Wortham Manor

Lifton, Devon


Staying here is an unrivalled opportunity to experience the life of a prosperous member of Tudor society.

  • Dogs AllowedDogs Allowed
  • CotCot
  • Open SpaceOpen Space
  • Logs availableLogs available
  • Parking AvailableParking Available
  • BathBath
  • Bath with ShowerBath with Shower
  • DishwasherDishwasher
  • MicrowaveMicrowave
  • ShowerShower
  • Washing MachineWashing Machine

Beds 1 Single, 4 Twin, 3 Double

4 nights from
£1408 equivalent to £23.47 per person, per night

Staying here is an unrivalled opportunity to experience the life of a prosperous Tudor gentleman.

Experience the Tudor life

This is a medieval and Tudor house of the highest status. The outstanding joinery of its arch-braced and moulded ceilings and screens is of a quality to rival the more famous Cotehele. Wortham Manor was built and then remodelled by a junior branch of the great Devon family of Dinham, but little altered since.

The great hall and magnificent chamber above it are probably the work of John Dinham, constructed soon after 1500. Dinham was the cousin of Dame Thomasine of Week St Mary and oversaw the building work at The College, also in Landmark’s care. Like Dame Thomasine, John Dinham had lived and prospered in London. In 1533, when an old man, he was pressed to take a knighthood, but declined.

The perfect setting for a large gathering

Wortham Manor sits in rolling, rural surroundings and has its own large grounds. The great hall with its open fire is a perfect setting for large gatherings. A large farmhouse-style kitchen awaits for breakfast or coffee time. The rambling, atmospheric bedrooms and landings also swallow large parties with ease.

‘By the time the last of our guests arrived, the mood in the flagstoned kitchen was cautiously upbeat as we extracted a 24lb rib of beef from the industrial oven and presented it on the long table in the Great Hall.’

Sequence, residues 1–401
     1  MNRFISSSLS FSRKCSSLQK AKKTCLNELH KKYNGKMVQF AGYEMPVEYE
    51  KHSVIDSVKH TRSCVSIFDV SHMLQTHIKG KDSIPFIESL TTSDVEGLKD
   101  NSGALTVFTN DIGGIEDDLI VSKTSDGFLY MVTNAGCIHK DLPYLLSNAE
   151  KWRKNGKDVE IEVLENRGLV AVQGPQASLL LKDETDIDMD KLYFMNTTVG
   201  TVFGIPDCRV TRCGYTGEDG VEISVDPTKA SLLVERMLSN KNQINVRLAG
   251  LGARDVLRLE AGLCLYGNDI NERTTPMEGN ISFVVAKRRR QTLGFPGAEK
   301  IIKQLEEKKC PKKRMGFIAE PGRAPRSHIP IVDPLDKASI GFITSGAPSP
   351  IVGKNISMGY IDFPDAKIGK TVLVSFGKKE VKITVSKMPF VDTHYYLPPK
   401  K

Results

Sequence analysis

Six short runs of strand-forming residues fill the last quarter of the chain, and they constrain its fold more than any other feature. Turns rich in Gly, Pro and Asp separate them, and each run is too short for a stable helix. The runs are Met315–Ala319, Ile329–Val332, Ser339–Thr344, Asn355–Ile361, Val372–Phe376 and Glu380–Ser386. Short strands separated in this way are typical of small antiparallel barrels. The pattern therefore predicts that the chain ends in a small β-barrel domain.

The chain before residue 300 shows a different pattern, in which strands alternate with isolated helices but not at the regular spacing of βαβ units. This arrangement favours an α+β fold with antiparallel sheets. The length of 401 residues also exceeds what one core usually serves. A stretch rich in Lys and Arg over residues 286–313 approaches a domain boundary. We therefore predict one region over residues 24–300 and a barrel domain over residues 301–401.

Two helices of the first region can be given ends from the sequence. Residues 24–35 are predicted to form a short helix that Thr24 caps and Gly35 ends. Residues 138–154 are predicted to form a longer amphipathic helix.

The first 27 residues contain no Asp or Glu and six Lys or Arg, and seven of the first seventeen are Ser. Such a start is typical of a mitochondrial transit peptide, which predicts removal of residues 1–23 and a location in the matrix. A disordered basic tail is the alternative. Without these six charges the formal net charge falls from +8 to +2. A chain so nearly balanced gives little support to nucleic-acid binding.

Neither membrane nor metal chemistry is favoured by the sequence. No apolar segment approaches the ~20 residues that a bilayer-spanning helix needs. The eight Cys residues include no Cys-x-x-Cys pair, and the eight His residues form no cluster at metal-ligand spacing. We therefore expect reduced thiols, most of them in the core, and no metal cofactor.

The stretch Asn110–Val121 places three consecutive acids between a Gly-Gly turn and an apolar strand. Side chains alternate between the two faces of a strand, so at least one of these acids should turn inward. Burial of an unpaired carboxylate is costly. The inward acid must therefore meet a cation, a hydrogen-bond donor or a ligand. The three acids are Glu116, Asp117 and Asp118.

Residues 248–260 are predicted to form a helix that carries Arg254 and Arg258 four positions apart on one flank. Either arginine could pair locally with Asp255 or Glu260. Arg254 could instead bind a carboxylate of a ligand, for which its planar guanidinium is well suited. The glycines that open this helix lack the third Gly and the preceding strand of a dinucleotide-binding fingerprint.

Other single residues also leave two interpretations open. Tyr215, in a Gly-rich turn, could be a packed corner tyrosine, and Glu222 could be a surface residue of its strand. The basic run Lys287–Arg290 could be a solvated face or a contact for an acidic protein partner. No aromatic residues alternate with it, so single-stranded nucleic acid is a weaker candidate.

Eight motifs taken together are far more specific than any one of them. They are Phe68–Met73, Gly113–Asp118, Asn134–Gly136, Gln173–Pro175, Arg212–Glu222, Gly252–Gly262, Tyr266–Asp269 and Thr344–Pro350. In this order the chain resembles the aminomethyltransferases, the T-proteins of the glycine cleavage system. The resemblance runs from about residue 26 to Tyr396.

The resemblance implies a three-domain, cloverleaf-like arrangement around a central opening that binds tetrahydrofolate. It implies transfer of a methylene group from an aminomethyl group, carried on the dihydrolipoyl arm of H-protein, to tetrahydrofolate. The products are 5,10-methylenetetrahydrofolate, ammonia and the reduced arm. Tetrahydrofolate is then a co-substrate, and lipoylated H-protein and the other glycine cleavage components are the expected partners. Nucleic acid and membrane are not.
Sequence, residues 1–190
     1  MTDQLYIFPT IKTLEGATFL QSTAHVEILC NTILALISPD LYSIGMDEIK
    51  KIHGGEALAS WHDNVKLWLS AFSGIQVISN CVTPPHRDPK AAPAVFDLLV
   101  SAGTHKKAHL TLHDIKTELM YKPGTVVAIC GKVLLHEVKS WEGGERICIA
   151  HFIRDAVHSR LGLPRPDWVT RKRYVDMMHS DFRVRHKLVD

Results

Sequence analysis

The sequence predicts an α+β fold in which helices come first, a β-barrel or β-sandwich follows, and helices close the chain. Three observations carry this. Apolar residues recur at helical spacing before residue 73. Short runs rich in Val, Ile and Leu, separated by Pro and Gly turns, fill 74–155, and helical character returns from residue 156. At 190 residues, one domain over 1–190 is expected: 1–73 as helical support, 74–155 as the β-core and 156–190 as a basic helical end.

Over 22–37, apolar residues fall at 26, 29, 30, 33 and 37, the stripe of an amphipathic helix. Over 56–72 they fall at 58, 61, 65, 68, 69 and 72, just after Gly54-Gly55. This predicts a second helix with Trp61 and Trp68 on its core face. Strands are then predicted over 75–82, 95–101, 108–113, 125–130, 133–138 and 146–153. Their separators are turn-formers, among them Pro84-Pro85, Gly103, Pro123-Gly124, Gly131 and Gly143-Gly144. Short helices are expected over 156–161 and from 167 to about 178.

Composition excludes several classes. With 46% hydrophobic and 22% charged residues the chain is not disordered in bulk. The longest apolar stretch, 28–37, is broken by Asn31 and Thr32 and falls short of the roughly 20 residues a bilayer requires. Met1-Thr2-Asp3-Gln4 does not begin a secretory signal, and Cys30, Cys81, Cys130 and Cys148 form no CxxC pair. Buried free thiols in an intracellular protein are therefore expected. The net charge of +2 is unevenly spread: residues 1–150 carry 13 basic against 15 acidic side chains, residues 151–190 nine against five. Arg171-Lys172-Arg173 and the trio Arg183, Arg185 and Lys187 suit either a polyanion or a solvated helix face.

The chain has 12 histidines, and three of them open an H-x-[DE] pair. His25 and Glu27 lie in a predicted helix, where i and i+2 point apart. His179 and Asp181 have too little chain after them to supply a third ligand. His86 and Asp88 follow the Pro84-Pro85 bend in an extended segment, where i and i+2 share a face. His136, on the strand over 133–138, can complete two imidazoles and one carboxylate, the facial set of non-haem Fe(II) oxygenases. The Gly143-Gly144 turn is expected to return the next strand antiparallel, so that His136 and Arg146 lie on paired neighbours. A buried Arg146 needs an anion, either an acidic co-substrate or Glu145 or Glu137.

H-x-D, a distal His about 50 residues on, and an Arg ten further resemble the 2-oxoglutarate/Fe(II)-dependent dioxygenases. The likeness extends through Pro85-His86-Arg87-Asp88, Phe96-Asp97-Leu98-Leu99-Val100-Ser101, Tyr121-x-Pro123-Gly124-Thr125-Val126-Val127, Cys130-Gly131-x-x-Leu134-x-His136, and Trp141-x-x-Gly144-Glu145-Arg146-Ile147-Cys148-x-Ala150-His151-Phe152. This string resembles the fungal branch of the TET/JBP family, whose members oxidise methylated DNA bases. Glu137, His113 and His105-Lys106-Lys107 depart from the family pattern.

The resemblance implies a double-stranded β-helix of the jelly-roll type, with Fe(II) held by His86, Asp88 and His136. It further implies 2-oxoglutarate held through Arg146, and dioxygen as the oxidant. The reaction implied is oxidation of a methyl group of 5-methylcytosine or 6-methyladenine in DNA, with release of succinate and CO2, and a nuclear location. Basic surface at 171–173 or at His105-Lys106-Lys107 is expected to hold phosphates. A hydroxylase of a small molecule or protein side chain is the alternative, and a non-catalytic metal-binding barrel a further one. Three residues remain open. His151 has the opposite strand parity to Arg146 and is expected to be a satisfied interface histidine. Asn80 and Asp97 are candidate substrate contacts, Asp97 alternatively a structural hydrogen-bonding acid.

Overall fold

The Telegraph

The Telegraph

Floor Plan


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Map & local info

Wortham Manor sits in rolling, rural surroundings and has its own large grounds.

One of the joys of holidays can be sampling local food and drink delicacies. Champions of UK food suppliers Big Barn are mapping out many of the best farm shops, butchers, greengrocers, markets and other outlets in an interactive – and ever-growing – food-map of our nations. To discover and source produce local to Wortham Manor, explore their website bigbarn.co.uk.

The local area is full of places to visit. The Tamar Otter and Wildlife Centre is just a short drive from Wortham Manor. Carnglaze Caverns are a magical day out and suitable to visit in all weather.  

Jamaica Inn Smugglers Museum houses one of the best collections of smugglers artefacts in the country, where you can hear the tales of wreckers and smugglers in Cornwall over the last 300 years. 

Morwellham Quay and Tamar Valley Trust is an award winning museum on a World Heritage site; visit a historic port, village, copper mine and railway and experience the life of Victorian Cornish miners. Don't miss the annual Literary Festival and Book Day at Morwellham, which includes a fun writing competition for children.

Baring Gould Folk Festival is a wonderful weekend festival, just 30 minutes drive from Wortham Manor. Every year offers a fantastic line-up and events such as workshops and street entertainment. 

In the nearby village of Lifton, make sure to pay a visit to Dingles Fairground Heritage Centre, which captures the magic of the traditional fairground with a collection of vintage rides, working exhibits and stunning artwork.